Strengthening Constitutional Self-Government

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Polls on Iraq

Here are some polls on our Iraq policy. An overwhelming majority of Americans disapprove of the president’s handling of the war. They also think the war was a mistake that has made us less safe. They don’t think the president has a plan; they’re even more certain Congress doesn’t. They think our government as a whole is pretty clueless on what to do now. There’s little support for immediate withdrawal, but a majority do favor gradual withdrawal by a certain date. The Americans who elected the Democratic Congress did in full knowledge that the result would probably be gradual withdrawal as the culmination of a stalemate. What they don’t want is an indefinite stalemate.

People want or wanted to win in Iraq, don’t think we’re toast if we don’t, and no longer have confidence that we can. Maybe the president can turn that skepticism around some through inspiring confidence in his new plan. But the surge remains high-risk in the sense that it may create a new and maybe unrealistic expectation for quick and dramatic results.

I’m reporting all this as a social scientist, and I wouldn’t suggest for a moment that the president should abandon his admirable indifference to polling in the conduct of foreign policy.
But time is not the president’s friend here, and that may be, of course, a defect of democracy.

Discussions - 3 Comments

The American people will tolerate a "surge" if it is serious and if it is accompanied by smarter policy, including much more killing of the enemy. The American people will also tolerate a gradual bugout. The Democratic Congress, it appears, will insist on a gradual bugout. As long as it’s gradual, they will not suffer politically for it. I wish Bush, Petraeus, and our men the best. But I think we’re in Hail Mary territory here.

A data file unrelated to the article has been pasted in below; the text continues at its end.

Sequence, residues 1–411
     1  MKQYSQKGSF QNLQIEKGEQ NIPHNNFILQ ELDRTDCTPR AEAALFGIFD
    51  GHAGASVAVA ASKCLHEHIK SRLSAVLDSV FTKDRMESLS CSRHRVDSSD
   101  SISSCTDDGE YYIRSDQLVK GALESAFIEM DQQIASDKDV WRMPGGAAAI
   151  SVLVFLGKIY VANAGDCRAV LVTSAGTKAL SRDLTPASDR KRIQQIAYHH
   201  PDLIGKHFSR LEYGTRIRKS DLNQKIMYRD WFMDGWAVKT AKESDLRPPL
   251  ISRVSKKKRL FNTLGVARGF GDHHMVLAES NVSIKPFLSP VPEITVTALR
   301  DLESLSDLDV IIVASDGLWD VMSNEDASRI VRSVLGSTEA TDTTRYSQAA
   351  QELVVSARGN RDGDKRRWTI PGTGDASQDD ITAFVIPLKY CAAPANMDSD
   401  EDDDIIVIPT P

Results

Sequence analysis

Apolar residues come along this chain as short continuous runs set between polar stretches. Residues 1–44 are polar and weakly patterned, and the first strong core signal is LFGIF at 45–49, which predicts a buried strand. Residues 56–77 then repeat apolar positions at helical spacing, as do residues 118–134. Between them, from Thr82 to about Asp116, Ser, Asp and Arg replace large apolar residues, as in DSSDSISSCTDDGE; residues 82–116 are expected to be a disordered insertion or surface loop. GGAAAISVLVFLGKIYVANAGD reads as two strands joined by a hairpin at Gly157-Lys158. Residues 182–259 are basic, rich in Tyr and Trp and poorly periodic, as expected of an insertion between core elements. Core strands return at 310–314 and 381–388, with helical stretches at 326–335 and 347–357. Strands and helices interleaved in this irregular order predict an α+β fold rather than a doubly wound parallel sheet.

Precisely! If I had any confidence that a surge would result in anything like a positive outcome, I’d be cheering for it. I’ve always been against this war but I’m not against winning it.

By the way, I can’t help but wonder, with the recent resignation of certain generals, if Bush claims he listens to them so that he’ll know who disagrees with him enough to fire them?

Daniel K., could you please elaborate on this one:

"I’ve always been against this war but I’m not against winning it."

That just seems to be bursting at the seams with contradiction(s). Yes, I did read the previous sentences in your comment, but still, it seems that you’re operating on the assumption that there is one, clear, universally agree-upon definition of "winning" for the current war in Iraq. I doubt it.

I know this thread’s a few days old, but I thought I’d inquire, in case you might see this...

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